Our body naturally reduces urine production when we turn in for the night, allowing us to get at least 6-8 hours of uninterrupted sleep. The medical term for excessive urination at night is nocturia. Nocturia affects our sleep cycle leading to fatigue, mood changes, impaired productivity, and increased risks of accidents.

The first thing to exclude is recent changes in lifestyle that may have played a part. You may have been drinking too much or too close to bedtime. Omit fluids 2 hours before you go to sleep. Caffeine and alcohol are known diuretics. Don’t have them late in the day. Have you been started on a new blood pressure medication? Some of these medications lower your blood pressure by making your kidneys produce more urine.

If you noticed that your feet and ankles are often swollen in the day, that may be edema. Underlying heart, liver, or kidney failure can lead to trapping of fluid in the dependent body tissue. Once you lie down to sleep, gravity no longer holds the fluid in your legs. It can re-enter your veins and be filtered by your kidneys, producing urine. If you are passing a large amount of urine day and night, you may have untreated diabetes.

Nocturia can also occur when you are not able to empty your bladder fully at every void. In men, this can be due to prostate enlargement or prostate cancer that obstructs the flow of urine. In women, this may be due to pelvic organ prolapse.

Nocturia can also be due to reduced bladder capacity from bladder cancer, bladder stone, recurrent bladder infection, or bladder overactivity.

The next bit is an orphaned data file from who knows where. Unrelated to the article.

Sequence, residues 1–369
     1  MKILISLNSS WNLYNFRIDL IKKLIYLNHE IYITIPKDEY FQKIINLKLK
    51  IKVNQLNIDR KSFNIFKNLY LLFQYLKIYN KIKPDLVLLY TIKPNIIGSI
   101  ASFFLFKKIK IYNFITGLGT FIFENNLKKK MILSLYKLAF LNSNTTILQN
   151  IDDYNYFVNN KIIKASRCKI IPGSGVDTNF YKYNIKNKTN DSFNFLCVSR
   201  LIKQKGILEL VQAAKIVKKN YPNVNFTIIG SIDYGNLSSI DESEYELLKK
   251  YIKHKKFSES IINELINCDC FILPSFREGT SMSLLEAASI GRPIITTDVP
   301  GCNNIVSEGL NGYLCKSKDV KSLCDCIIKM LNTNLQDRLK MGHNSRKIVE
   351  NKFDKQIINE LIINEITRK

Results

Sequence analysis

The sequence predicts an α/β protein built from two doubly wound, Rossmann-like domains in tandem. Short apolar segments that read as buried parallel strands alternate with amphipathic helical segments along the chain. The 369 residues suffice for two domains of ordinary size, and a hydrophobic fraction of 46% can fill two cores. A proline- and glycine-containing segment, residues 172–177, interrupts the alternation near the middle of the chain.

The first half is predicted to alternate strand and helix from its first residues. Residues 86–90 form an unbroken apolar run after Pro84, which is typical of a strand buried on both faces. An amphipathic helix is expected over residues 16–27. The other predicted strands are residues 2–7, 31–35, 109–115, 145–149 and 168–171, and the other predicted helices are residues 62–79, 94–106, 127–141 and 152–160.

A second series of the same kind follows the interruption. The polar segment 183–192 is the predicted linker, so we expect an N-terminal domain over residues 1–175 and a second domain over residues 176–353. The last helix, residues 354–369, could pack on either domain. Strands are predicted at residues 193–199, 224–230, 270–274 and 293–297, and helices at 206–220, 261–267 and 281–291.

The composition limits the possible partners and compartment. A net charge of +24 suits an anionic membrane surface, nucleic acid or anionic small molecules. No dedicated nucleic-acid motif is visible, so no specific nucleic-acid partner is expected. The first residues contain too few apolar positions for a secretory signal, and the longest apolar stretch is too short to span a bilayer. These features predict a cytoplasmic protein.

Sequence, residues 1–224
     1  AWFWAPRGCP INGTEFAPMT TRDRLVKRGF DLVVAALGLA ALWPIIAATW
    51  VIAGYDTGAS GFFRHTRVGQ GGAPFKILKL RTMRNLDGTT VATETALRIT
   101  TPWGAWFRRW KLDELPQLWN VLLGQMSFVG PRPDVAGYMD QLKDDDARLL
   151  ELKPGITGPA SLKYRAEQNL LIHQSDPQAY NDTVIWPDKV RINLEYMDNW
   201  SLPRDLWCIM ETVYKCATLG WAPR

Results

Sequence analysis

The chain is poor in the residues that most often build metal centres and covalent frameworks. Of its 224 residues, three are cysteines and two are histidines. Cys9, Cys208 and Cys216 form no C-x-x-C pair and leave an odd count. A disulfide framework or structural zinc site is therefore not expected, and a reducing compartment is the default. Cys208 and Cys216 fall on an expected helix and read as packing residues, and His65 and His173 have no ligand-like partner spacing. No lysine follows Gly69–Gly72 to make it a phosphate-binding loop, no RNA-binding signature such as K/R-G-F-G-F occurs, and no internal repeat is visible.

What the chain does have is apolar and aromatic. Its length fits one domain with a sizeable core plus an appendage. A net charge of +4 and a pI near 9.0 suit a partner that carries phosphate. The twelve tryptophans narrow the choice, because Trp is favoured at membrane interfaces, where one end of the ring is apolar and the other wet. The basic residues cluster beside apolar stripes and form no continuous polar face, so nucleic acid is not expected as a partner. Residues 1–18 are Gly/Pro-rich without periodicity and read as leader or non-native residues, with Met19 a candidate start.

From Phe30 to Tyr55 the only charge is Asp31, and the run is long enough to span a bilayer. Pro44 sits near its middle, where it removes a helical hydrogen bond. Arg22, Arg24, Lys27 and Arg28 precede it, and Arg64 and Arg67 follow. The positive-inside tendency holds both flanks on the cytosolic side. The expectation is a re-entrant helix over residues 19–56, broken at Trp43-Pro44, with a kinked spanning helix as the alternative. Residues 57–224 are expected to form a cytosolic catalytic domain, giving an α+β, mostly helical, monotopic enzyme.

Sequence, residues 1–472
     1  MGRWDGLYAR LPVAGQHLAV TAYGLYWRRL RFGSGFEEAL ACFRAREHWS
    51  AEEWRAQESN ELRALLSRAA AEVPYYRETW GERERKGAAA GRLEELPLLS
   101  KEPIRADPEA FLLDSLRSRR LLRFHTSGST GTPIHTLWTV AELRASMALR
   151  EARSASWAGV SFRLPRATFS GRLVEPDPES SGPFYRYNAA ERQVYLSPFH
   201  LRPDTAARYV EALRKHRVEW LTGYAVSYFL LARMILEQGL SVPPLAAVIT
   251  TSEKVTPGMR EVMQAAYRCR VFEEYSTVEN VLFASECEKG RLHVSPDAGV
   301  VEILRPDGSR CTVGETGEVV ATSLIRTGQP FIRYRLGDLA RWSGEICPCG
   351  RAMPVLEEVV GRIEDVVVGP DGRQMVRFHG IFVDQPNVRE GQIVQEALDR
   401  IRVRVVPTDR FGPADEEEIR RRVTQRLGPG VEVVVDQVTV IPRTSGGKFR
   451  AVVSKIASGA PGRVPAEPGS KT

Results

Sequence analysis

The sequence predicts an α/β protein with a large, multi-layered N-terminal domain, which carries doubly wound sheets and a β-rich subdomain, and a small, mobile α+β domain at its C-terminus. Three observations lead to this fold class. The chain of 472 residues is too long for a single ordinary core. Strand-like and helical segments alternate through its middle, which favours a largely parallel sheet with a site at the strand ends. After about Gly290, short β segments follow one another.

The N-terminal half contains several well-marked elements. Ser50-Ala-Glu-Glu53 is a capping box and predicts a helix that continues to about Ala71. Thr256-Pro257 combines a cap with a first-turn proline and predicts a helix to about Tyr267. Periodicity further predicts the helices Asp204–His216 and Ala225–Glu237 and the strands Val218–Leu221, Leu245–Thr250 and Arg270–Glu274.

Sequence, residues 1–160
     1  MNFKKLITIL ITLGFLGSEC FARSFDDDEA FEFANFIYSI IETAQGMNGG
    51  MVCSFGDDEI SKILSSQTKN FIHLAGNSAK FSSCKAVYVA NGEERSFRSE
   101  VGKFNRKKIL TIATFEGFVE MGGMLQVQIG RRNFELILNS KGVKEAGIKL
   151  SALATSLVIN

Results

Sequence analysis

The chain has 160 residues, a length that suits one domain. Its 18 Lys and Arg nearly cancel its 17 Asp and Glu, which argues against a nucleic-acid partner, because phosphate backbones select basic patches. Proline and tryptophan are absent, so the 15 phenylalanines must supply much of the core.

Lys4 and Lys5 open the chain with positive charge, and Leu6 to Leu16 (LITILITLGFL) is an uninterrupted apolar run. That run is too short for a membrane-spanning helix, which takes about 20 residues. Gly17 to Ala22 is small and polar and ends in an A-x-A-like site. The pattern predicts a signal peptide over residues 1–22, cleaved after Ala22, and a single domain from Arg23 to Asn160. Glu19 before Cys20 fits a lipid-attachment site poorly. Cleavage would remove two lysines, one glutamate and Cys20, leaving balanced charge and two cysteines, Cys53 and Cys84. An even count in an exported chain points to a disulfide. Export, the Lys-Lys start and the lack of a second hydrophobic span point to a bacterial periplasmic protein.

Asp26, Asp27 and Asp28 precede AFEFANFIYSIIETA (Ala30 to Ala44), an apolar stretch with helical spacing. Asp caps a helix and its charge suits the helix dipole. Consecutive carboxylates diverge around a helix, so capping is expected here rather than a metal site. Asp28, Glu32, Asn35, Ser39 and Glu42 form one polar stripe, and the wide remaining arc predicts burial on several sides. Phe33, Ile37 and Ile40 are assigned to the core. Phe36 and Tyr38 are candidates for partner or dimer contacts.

It is important to remember that nocturia is often a symptom pointing to an underlying medical condition. Many are urological in origin, with some more serious than others. Unfortunately, I am still seeing patients who suffered from bothersome nocturia for years before seeing a doctor, only to be diagnosed with late-stage prostate cancer.

Consider seeing a doctor for a thorough evaluation and diagnosis.

Umar Hadi answered 8 months ago
I have a throbbing pain above my penis, below my navel, that can be felt after urinating. Why is this so, Doctor?
dr. Lee Fang Jann
replied 8 months ago

Dear Umar,

Pain in the lower abdomen at the end of urination can indicate a problem with the bladder or prostate. In some men, the pain can affect the penis too.

A common cause of the pain is cystitis (bladder infection). The urinary tract is normally sterile, but sometimes bacteria can sneak in through the urethra, which connects the bladder with the outside of the body. There may be additional symptoms if you have a bladder infection. These include burning pain in the penis during urination, urgent need to urinate, frequent need to urinate, cloudy urination, blood in the urine, and occasional fever. A bladder infection can easily be diagnosed by analysing a specimen of your urine to look for white blood cells, red blood cells and the presence of bacteria. Treatment is a course of appropriate antibiotics.